A close-up examination of Comet 67P/Churyumov–Gerasimenko reveals dancing gravel, whirling icy debris and transient, movable depressions on its smooth terrain, courtesy of photos from the Rosetta mission.

Dancing debris, moveable landscape shape Comet 67P

A comet once thought to be a quiet dirty snowball cruising through the solar system becomes quite active when seen up close.

Photography from the Rosetta mission reveals dancing gravel, whirling icy debris and transient, movable “depressions” on the smooth terrain of Comet 67P/Churyumov–Gerasimenko (Comet 67P). Alex Hayes ’03, M.Eng. ’03, associate professor of astronomy, presented the research at the American Geophysical Union’s Fall Meeting Dec. 10.

Scientists expected the rocky gravel material of the comet to be inert and devoid of ice. Instead, they learned that quiet parts were the most active parts of the comet and developed a model for how this material can erode seasonally.

Hayes described how the process of sublimation, which drives a phenomenon known as scarp migration, can carve up comets and other worlds across the universe. He and his colleagues summarized their findings in a paper, “Migrating Scarps as a Significant Driver for Cometary Surface Evolution,” published in Geophysical Research Letters (September 2019).

Sam Birch, Ph.D. ’17, a postdoctoral researcher in astronomy and the lead author of the published work, said: “We expected that the rocky gravel material of the smooth terrains – terrain that covers half the comet – to be inert and devoid of ice. But these regions retained a lot of ice and were surprisingly the most active parts of the comet. We caught this movement in the act and we have now developed a model for how this material can erode seasonally.”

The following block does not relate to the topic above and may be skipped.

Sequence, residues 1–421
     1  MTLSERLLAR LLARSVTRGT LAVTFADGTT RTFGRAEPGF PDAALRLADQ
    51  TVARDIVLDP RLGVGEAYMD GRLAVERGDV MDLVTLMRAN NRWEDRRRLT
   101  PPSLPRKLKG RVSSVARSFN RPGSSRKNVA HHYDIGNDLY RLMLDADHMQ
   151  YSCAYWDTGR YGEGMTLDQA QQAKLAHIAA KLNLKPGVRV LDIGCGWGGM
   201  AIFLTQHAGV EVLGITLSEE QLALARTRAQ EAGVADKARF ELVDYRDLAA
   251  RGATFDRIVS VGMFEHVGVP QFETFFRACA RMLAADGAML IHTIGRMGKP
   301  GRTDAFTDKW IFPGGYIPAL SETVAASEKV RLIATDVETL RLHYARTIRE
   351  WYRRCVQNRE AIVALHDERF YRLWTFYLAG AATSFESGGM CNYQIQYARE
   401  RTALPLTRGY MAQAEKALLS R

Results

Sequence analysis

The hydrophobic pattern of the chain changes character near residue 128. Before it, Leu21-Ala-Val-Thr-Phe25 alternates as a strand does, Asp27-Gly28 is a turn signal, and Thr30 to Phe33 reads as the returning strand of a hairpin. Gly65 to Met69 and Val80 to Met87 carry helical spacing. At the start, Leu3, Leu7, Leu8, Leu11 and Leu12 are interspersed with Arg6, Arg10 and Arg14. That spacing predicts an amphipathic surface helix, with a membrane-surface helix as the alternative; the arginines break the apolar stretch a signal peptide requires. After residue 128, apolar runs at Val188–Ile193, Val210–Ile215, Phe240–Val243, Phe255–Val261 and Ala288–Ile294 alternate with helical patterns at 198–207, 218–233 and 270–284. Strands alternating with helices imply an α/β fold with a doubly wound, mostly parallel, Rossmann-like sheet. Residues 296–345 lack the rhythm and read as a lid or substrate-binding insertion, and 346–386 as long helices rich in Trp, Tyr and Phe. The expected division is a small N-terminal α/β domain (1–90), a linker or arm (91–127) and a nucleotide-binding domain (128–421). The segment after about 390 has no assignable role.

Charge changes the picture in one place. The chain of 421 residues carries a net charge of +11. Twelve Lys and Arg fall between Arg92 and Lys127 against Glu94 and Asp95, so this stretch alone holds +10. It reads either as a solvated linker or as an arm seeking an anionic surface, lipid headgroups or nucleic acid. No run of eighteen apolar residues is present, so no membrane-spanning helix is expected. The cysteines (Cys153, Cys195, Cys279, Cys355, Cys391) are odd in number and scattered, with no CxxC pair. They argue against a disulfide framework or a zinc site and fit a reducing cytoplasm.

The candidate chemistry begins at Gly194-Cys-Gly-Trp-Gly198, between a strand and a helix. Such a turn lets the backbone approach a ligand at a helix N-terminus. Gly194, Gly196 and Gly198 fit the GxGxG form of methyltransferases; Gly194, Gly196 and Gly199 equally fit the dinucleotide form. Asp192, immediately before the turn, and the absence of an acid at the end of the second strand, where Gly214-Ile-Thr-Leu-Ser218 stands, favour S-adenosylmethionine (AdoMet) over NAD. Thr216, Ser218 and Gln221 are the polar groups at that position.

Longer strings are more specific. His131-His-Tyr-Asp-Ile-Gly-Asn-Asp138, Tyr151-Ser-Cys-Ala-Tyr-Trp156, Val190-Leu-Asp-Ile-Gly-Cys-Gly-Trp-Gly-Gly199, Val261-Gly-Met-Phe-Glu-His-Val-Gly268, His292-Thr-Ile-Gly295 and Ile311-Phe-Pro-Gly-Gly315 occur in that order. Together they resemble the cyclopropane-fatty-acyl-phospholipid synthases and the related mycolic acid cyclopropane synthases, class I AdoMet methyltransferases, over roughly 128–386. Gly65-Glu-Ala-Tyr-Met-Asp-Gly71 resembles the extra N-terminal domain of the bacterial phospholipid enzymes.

Shaped like a barbell, with two lobes and a neck, one of the largest smooth terrain deposits is on its neck, in a region on the comet called Hapi. As the comet speeds through the solar system at 84,000 miles per hour, it returns to rendezvous with the sun every 6.45 years. During this return, the sun heats the Hapi region for just a few months, forcing it to shed its icy material.

The Rosetta probe that captured images of the shedding process was launched in 2004, by the European Space Agency, in partnership with the Jet Propulsion Lab, in Pasadena, California. The spacecraft caught up with the comet and accompanied it on an inbound leg to the sun a decade later, in 2014, when it snapped close-up surface images for more than two years.

As the comet gets closer to the sun, changes on the comet’s surface begin to emerge. They start out looking like divots on a golf course. “They’re just little holes, like a Nike swoosh,” Birch said. “And they expand and grow, and they start sweeping across the entire Hapi region and remove a whole layer of material.”

Hayes told his fellow scientists that the processes seen on the comet are familiar on Earth. Much like ocean waves carve out grassy sections of beach, leaving a sandy overhang, icy jet streams carve out the comet.

“The Rosetta mission really changed the game. Now we can actually apply principles of geology in ways we hadn’t been able to before for comets and other small bodies,” said Birch.

Rosetta acquired substantial data regarding 67P’s surface changes on daily and monthly time scales. “This is just the beginning,” said Hayes. “The Rosetta mission has enabled the emergence of a new field in small body geology. For the first time, we can interrogate comet surfaces at the scales necessary to resolve the processes that drive surface evolution. I look forward to seeing what else the data can show us.”

The other Cornell researchers who co-wrote the paper are research associate Paul Corlies, Ph.D. ’19, and Steve Squyres, '78, Ph.D. '81, professor emeritus of astronomy.

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